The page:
|'A consistently, bizarrely, brilliantly unique film experience'.|
During The Lobster's opening scene, director Yorgos Lanthimos shows us a woman driving through the rain. She pulls over by a field of donkeys, walks over to one of the animals (tottering a little in her heels) and shoots it dead. All of this is shown to us as a voyeuristic shot through the car windscreen still being cleared of raindrops every few seconds. It serves as a neat summation of the director's film: surreal, stark, and - as we never see the woman, or indeed the donkey, again - spectacularly ambiguous.
In the hands of a lesser director, this could be the recipe for a cinematic train wreck. In those of Lanthimos, it provides a consistently, bizarrely, brilliantly unique film experience. The Lobster has the look and feel of an incredibly high quality piece of cinema from start to finish, whilst also succeeding in creating a dystopian society both authentic and uncanny within which Lanthimos' strange tale can unfold.
The idea of relationships is core to The Lobster, although, like so many elements of his film, what Lanthimos is actually saying about them is masterfully left open to interpretation. The film's world is one which places great importance on its inhabitants not only on becoming couples, but in finding someone with the same "defining characteristic" as them - anything from a warm smile to a limp. Those who are single for any reason, such as recently separated main character David (Colin Farrell), are sent to fall in love at The Hotel within forty five days, after which time unsuccessful guests are transformed into an animal of their choice. The narrative plays out something like Logan's Run collectively reimagined as a love story by Kaufman, Kubrick and Kafka, and is just as weird and utterly captivating as that sounds.
Lanthimos succeeds in making The Lobster a film that is equally dark, funny and affecting. There are moments of uncomfortable brutality and pitch black satire, as well as pure comedy generated from some small but effective moments - watch for a variety of animals, presumably former Hotel guests, included in shots where you'd least expect them. The playfulness of The Lobster's tone and sense of humour is often endearingly childlike, with the film also displaying a sincerely mature intelligence in both its themes and execution. Ideas of falsehood, compromise, sacrifice, oppression and conformity are regularly touched on through various channels, perhaps most clearly through The Hotel as an authoritarian establishment. The benefits of being a couple are overtly reinforced at every opportunity there, and anything that doesn't fit is simply not permitted - David isn't allowed a half-size pair of shoes to fit his feet, just as bisexuality isn't an option for his sexual preference upon his arrival.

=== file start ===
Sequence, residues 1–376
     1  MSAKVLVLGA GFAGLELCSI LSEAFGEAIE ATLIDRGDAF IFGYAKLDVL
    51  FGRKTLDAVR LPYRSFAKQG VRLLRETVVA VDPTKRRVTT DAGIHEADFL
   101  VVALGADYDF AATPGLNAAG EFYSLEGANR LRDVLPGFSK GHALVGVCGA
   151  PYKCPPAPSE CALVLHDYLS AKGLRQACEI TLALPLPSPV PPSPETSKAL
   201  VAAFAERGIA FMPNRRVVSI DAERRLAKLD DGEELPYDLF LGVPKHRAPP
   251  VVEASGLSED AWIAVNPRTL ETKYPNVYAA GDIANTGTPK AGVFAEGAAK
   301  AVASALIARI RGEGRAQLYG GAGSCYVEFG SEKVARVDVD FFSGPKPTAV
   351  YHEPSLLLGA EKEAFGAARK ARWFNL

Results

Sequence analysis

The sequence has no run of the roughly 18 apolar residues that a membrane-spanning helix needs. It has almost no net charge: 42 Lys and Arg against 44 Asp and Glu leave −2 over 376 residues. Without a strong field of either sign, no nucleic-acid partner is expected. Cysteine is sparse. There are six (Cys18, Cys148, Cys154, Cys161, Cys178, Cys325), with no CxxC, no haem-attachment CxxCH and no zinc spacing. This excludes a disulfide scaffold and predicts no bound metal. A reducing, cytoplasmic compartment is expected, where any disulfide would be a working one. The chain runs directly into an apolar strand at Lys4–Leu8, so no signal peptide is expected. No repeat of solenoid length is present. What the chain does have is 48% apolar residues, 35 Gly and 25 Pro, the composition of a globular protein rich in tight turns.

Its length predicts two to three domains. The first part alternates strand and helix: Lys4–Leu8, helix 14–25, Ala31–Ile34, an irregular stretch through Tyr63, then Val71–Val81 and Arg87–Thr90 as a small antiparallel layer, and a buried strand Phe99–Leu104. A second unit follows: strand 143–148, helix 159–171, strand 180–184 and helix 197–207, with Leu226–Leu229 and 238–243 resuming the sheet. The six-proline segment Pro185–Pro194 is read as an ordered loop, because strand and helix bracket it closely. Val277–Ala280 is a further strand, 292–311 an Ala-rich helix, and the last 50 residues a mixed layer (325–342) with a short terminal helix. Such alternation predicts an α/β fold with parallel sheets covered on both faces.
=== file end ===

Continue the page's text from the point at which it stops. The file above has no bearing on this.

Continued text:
Stripped down to its bare bones, however, The Lobster is a love story. It's something which Lanthimos allows to come through more and more throughout his film's running time, crafting several touchingly sweet and genuinely emotional scenes towards the end. The eclectic cast - featuring such enticing talents as Ben Whishaw, Olivia Colman, John C. Reilly and Michael Smiley - are collectively brilliant and headed up by a flawless performance from Farrell, who is joined by an equally superb Rachel Weisz during the middle act.
There is simply too much of worth contained within The Lobster to do it justice through written words on a screen. It's an original, unsettling and fascinating piece of cinema that can arguably most closely be equated in terms of ambition, execution and comprehensive success with Jonathan Glazer's Under The Skin. It's almost guaranteed that Lanthimos' film won't be for everyone, but it's that resolute nature to make something as distinct and individual as his end product that makes The Lobster a truly extraordinary contender for film of the year.